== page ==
H is in group 1 because it has 1 valence electron It has metallic and non metallic properties Metal: loses an e- Non-metal: gas, increase reactivity (like halogens) gains an e-

17 Properties of s-Block Elements
Alkali Metals: Group 1 React with water to form alkaline solutions, lose 1 valence e- becoming a 1+ ion, soft metal, highly reactive, the best conductors of heat and electricity So reactive that they must be stored under oil

18 Properties of s-Block Elements
Alkaline Earth Metals: Group 2 Shiny solids, harder than alkali metals, less reactive then alkali metals, lose 2 valence e- becoming a 2+ ion, good conductors of heat and electricity, react with water

19 Properties of p-Block Elements
Group 13: The “Boron” Group Boron is a metalloid, the rest are metals B, Al, Ga, In lose 3 valence e- Tl loses 1p valence e- (Ga and In can too) Group 14: The “Carbon” Group C is a nonmetal, Si and Ge are metalloids, Sn and Pb are metals

20 Properties of p-Block Elements
Mineral: found in nature as solid crystals Ore:material that can be removed at a reasonable cost Allotrope: forms of an element in the same physical state – solid, liquid, or gas – that have different structures and properties Diamond, graphite, and coal

21 Properties of p-Block Elements
Group 15: The “Nitrogen” Group N and P are nonmetals and gain 3 e- to become a 3- charged ion As and Sb are metalloids Bi is a metal and loses 3 e- to become a 3+ charged ion Group 16: The “Oxygen” Group 6 valence e-, gain 2 e- to become ions with a 2-charge O, S, and Se are nonmetals Te and Po are metalloids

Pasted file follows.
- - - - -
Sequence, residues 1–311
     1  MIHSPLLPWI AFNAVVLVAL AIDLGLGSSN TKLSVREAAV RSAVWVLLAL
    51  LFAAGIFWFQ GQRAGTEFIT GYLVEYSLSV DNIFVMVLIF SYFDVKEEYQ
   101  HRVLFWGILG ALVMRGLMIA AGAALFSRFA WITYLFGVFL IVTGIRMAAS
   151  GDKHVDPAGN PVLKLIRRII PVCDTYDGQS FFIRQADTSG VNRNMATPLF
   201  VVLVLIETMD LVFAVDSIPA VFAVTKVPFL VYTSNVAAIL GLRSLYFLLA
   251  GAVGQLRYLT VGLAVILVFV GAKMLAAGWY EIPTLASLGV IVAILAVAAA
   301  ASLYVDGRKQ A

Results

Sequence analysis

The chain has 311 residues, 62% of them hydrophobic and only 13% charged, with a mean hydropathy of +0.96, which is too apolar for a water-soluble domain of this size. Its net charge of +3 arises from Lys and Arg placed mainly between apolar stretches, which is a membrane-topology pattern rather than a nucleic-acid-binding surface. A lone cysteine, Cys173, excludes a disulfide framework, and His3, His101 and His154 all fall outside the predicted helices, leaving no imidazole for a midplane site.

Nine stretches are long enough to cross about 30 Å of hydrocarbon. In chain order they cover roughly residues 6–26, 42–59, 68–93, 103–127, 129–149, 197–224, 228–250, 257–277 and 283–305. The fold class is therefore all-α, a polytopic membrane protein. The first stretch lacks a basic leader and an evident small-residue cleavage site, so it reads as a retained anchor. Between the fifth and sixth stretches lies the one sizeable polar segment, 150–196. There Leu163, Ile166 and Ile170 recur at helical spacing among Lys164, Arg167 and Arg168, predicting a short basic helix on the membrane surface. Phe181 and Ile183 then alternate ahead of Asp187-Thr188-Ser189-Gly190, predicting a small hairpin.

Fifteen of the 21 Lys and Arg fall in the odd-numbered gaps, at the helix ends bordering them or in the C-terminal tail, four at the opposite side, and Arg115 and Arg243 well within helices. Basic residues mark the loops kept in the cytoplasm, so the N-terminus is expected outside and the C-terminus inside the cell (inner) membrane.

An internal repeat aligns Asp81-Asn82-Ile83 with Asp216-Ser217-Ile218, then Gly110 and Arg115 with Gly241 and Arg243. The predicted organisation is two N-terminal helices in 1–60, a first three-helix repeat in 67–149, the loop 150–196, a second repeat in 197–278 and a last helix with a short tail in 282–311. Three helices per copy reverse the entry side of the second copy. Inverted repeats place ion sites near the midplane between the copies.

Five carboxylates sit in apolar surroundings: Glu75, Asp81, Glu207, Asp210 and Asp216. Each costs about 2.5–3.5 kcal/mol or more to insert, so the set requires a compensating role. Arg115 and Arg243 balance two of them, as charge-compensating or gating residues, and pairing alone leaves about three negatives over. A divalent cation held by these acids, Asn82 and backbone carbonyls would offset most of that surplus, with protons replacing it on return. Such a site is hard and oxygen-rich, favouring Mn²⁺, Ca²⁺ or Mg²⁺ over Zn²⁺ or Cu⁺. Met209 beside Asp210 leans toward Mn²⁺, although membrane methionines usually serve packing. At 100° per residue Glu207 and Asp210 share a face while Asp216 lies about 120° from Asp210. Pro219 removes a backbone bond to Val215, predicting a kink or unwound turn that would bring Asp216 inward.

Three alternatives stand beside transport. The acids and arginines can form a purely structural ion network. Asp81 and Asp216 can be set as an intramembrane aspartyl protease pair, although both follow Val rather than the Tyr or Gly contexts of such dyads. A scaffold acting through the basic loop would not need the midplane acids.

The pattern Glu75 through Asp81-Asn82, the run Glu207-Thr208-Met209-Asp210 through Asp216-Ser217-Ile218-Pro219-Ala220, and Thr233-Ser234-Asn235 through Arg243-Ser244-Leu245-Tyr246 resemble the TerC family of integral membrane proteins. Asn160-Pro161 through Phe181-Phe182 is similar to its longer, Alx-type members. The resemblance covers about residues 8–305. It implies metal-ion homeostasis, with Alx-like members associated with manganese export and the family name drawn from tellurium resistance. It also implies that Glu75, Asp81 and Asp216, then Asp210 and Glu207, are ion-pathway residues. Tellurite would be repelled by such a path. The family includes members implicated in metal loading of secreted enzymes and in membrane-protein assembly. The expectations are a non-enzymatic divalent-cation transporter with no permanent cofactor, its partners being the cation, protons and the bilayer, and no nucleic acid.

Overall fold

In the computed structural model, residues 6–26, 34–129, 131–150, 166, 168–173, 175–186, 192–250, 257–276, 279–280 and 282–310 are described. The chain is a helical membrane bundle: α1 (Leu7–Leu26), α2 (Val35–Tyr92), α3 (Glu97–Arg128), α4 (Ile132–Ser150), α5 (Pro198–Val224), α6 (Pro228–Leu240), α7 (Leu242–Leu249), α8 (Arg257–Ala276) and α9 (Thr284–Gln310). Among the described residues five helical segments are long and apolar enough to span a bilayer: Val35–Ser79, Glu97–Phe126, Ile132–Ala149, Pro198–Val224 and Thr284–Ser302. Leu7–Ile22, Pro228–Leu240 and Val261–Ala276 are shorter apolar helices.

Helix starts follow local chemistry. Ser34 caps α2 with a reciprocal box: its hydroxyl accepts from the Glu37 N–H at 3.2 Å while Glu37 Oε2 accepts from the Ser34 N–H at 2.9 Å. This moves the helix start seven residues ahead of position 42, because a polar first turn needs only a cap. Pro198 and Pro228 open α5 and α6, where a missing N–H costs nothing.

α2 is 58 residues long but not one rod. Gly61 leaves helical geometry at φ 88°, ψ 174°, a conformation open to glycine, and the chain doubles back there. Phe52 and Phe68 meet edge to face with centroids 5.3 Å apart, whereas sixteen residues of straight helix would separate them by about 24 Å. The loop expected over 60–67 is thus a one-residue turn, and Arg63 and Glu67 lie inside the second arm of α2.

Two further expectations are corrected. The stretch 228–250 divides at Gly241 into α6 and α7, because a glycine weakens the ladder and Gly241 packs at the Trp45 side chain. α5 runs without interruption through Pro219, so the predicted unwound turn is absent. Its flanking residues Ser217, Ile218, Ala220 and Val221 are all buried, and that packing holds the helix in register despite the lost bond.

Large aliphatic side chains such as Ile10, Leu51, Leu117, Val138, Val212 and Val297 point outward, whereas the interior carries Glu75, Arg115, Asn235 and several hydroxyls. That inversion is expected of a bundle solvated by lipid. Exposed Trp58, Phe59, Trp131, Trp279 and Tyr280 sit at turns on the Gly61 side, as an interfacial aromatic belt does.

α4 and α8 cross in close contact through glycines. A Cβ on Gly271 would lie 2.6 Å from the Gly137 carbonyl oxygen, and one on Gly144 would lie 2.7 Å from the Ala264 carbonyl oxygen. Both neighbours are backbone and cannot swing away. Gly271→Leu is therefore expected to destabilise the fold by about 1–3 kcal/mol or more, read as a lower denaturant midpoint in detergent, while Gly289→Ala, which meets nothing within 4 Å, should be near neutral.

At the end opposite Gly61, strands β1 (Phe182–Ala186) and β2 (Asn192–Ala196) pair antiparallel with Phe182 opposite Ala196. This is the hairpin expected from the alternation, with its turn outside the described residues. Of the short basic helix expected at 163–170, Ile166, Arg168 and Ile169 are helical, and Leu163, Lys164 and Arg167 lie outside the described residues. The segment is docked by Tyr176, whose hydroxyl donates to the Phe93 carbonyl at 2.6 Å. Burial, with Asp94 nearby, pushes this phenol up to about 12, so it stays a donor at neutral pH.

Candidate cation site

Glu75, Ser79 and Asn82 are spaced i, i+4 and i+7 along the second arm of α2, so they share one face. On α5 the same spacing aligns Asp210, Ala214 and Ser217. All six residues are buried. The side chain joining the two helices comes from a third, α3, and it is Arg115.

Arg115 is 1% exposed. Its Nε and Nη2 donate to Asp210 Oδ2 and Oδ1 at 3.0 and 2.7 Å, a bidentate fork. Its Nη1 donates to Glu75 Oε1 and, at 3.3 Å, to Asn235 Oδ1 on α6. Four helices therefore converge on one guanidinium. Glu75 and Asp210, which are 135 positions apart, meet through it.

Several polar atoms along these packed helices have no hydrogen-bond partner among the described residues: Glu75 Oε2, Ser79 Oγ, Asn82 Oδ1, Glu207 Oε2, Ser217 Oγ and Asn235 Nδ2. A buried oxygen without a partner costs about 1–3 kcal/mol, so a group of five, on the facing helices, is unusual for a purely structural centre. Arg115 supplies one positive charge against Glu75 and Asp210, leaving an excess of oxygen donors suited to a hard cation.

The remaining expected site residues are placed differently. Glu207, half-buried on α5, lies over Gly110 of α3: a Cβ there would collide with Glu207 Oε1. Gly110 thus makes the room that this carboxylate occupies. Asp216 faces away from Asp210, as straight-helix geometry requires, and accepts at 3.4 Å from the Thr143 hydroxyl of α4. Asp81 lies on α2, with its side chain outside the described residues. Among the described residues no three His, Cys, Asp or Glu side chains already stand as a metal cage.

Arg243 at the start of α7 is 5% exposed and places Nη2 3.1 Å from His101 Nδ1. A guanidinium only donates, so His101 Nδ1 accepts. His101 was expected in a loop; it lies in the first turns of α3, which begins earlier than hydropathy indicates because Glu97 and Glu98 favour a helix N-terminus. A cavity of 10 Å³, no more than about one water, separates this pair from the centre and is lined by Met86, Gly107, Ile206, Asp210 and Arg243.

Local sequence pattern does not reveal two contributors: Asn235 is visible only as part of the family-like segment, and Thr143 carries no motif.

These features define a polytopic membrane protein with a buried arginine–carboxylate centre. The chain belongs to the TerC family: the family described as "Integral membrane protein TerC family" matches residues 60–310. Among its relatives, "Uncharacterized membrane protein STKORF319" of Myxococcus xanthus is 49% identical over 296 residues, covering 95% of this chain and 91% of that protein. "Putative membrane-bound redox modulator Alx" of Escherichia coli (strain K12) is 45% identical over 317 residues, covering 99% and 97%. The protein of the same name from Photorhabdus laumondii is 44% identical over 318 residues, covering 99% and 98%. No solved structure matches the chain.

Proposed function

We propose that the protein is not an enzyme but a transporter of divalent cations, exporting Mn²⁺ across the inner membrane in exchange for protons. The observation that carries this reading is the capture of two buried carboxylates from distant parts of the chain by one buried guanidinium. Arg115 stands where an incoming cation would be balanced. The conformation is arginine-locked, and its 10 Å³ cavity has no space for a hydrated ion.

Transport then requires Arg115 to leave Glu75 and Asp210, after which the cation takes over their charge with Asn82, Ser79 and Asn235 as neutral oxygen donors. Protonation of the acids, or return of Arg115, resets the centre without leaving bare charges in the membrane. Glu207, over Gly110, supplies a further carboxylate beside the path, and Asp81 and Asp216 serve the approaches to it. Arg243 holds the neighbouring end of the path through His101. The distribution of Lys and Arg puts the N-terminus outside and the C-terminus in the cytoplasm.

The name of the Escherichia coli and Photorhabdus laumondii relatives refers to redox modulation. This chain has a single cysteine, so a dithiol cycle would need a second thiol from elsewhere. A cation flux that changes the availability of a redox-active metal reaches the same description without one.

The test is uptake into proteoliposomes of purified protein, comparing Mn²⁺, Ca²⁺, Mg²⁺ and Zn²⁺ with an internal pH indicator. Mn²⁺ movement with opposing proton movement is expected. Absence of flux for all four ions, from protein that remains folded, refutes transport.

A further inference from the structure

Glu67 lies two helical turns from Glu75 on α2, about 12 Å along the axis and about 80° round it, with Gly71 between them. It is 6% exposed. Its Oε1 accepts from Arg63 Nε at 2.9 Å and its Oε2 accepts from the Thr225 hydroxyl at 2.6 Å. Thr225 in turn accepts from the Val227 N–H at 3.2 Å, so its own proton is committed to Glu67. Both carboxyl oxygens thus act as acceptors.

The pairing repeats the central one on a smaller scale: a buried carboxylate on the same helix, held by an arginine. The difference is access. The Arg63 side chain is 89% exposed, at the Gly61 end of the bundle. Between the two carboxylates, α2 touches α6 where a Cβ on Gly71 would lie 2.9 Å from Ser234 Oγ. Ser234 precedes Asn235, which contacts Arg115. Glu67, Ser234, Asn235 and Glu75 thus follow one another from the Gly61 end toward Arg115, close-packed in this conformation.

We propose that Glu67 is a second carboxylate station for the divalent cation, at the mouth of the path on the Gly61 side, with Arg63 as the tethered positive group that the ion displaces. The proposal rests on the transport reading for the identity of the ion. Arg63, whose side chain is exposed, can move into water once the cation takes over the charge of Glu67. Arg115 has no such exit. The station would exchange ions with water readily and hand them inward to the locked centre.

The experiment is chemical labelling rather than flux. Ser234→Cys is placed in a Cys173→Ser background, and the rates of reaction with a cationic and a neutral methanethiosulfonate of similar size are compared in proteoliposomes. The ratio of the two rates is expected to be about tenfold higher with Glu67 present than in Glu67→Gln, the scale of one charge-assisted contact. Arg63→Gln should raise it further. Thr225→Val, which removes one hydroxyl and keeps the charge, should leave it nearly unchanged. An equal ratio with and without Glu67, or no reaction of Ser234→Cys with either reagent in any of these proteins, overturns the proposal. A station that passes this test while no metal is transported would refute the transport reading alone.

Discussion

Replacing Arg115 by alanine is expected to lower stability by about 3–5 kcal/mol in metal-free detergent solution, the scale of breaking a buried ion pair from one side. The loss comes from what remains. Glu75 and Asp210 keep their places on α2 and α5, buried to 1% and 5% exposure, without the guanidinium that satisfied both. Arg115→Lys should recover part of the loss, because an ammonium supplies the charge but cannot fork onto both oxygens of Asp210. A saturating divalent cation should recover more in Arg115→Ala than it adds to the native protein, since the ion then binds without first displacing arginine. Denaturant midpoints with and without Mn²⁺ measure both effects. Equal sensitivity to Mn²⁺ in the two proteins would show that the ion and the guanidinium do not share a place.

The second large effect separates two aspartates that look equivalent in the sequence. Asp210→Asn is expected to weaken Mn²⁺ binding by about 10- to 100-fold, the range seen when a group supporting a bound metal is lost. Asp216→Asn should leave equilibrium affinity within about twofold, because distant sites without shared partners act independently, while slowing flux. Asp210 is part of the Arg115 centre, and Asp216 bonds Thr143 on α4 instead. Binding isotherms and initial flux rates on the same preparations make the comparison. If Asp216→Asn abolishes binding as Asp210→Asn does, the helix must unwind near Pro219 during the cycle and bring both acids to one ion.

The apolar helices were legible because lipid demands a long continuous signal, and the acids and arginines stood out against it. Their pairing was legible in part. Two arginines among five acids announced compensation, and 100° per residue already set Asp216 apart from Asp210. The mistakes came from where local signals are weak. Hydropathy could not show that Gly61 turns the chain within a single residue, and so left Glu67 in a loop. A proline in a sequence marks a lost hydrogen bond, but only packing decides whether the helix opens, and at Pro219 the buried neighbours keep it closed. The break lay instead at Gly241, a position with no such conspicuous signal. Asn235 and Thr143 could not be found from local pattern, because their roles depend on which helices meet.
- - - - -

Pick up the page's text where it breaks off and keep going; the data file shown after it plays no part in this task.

22 Properties of p-Block Elements
Group 17: Halogens – “salt formers” Combine with metals to form salts Form ions with a 1-charge by gaining 1 e- Group 18: Noble gases Colorless, un-reactive, full valence e- Homework: page 206 #39, 41, 45, 49

23 Properties of the d and f-Block Elements
Transition metals Electric conductors, have luster and malleability Little variation in atomic size, electronegativity, and ionization energy across a period More unpaired e- in d orbital, the increase in hardness and melting points Varied ions due to access of d orbital – all lose e- Inner Transition Lanthanide – silvery metals with increased melting point Homework: page 206 # 57, 59-61, 69

24 Properties of the d and f-Block Elements
Magnetism – ability to be affected by magnet Diamagnetism – all e- are paired, substance is unaffected or slightly repelled by magnetic field Paramagnetic – unpaired electron in the valence orbital is attracted to magnetic field Ferromagnetism – strong attraction of substance, ions can align in direction of field and form permanent magnet